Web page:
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Twisted by Jessica Zafra – Pumping irony since 1994
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Archive for the ‘Language’

We now return to regular programming.

June 06, 2015 By: jessicazafra Category: Books, Cats, Language, Pointless Anecdotes, Television 1 Comment →

Regulars may have noted that we have not been posting articles daily. This is because the last week of May always tries to kill us, so we took time off from writing columns and blogging. Also our ancient Mac and slow internet connection were sucking all the joy out of going online. The allergy (to prickly heat powder) is gone, the Mac is new, and the connection is fast, so we are back.

This is how we spent our “vacation”.

1. Defrosted the fridge. Why we do not do this regularly is a mystery, since all it entails is pushing a button. Maybe because we think of it as housework and we hate housework. We only remember to defrost the refrigerator when the icebox is sealed shut. When the ice has melted after a day or so, we expect to find The Thing in the freezer.

2. Thought of writing fake family history to claim relationship to the late billionaire Edmond Safra. There’s so much unsubstantiated information online, just posting a claim gives it traction. The only thing stopping us is the sheer weirdness of Edmond Safra’s story.

3. Read The Love Object by Edna O’Brien.

4. Shopped for feline overlords. We have found a regular source of Fancy Feast, which of course we will not reveal.

Sidebar: We’ve mentioned the cat epidemic in February which killed three of our outdoor ampon. We did not mention that Meriadoc disappeared on the day the outdoor cats started falling ill, because we could not accept the possibility that he had gotten infected.

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Meriadoc

Yesterday the guard reported that Meriadoc has been turning up very late at night, wearing a collar. He has found other humans. Traitor! Deserter! Then we realized that he did the smartest thing in order to avoid the epidemic. Humans get sentimental about cats; cats are not sentimental. They survive.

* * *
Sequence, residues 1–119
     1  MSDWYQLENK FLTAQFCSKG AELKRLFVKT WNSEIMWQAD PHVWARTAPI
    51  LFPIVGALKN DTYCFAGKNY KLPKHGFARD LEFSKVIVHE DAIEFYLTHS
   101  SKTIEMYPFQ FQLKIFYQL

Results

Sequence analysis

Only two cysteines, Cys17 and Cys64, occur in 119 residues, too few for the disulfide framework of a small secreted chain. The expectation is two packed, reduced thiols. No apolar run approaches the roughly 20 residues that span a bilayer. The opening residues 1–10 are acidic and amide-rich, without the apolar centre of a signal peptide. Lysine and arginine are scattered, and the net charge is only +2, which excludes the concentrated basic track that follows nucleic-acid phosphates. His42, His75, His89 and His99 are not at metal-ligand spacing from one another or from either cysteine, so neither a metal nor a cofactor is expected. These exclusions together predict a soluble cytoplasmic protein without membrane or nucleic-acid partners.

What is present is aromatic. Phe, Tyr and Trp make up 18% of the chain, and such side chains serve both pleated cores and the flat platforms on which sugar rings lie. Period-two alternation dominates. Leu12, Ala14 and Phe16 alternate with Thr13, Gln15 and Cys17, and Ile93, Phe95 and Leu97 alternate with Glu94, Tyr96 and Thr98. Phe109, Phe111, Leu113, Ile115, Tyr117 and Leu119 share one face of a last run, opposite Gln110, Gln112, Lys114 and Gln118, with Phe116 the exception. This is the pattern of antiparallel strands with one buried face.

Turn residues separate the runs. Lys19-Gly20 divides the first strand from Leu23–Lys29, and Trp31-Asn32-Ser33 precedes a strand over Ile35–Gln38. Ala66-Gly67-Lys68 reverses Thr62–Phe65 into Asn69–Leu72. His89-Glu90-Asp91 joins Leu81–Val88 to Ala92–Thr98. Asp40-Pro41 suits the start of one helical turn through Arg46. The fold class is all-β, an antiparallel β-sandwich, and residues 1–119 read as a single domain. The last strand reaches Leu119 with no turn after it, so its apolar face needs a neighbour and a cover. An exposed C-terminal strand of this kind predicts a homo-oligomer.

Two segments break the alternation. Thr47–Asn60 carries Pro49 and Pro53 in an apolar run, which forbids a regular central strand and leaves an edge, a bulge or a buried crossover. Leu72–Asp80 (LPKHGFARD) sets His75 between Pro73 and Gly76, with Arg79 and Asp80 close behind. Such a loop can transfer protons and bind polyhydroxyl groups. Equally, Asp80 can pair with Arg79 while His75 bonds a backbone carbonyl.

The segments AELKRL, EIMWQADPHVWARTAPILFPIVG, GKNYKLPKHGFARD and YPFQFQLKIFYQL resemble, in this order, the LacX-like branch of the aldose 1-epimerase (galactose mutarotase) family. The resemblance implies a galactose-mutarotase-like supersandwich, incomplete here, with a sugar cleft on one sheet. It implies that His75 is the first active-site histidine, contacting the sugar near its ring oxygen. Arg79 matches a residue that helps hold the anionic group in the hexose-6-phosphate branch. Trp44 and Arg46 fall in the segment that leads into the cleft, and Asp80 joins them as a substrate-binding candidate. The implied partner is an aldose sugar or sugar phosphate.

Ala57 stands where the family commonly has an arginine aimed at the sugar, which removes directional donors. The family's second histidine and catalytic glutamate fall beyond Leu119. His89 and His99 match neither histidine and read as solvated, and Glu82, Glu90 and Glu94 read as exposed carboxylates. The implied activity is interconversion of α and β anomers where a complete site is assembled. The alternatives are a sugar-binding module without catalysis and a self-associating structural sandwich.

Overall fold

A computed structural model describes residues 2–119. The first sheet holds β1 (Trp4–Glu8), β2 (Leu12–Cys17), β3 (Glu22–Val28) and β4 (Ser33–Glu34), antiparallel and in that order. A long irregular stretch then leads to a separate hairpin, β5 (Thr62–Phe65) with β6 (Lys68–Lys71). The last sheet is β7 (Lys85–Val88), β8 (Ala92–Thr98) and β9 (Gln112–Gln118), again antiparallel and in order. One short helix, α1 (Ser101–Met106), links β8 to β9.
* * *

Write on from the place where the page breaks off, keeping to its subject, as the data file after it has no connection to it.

5. Watched 6 seasons of The Good Wife, which we had avoided seeing because everyone told us to. The full review in our column on Friday. We enjoyed the show, but cannot rein in our indignation: What is the point of casting Matthew Goode, possessor of the most adorable overbite on the screen, and then not giving him anything to do?

According to reports he won’t be back for the 7th season as he is joining the cast of Downton Abbey. So we’ll start watching Downton again, but not the two seasons we missed since Cousin Matthew died in the Xmas special. Here’s Matthew Goode in Stoker, which we missed for some reason or other but have to look up because it’s inspired by Hitchcock’s Shadow of A Doubt, which we love. Stoker was directed by Park Chan Wook (Old Boy) and written by Wentworth Miller (Prison Break).

6. Started listening to Basic Russian audiofiles. It’s supposed to be easier to learn Russian than Hungarian. It occurred to us while pronouncing common Russian names (Boris is “Ba-REES”) that world leaders have gotten Putin wrong. If you want anything from him, you challenge him to single combat.

Sleeping cat in Venetian store window

May 08, 2015 By: jessicazafra Category: Cats, Language, Places, Traveling No Comments →

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This is one of exactly two cats we’ve seen on the whole trip. One was inside a carrier at the Market Hall in Budapest. This one was in a store window in Venice, around Castello. The sleeping cat looks like Saffy. (Saffy: That was me. I bilocated.)

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Next to the cat, a sign telling people not to tap the glass. Some linguistic confusion here. “E io mi irrito!!!!”— The cat gets irritated by the tapping, the storekeeper gets irritated, or is the cat in the window because she annoyed the storekeeper?

How to spend your summer vacation (if you’re a student)

March 25, 2015 By: jessicazafra Category: Contest, Current Events, Language, Movies, Tennis No Comments →

1. Watch German crime thrillers for free.

Every Wednesday 6pm at the 4th Floor, Room 3 of Goethe-Institut Philippinen, Adamson Center, Leviste St., Salcedo Village, Makati.

April 8: Dreileben – Etwas Besseres als den Tod (Beats being dead). Directed by Christian Petzold (who made Nina).

A sexual offender escapes from a hospital. His escape and the police’s hectic search serve as a background to the love story between Johannes, a boy from a rich home undertaking his civilian service, and Ana, a pretty girl from Bosnia.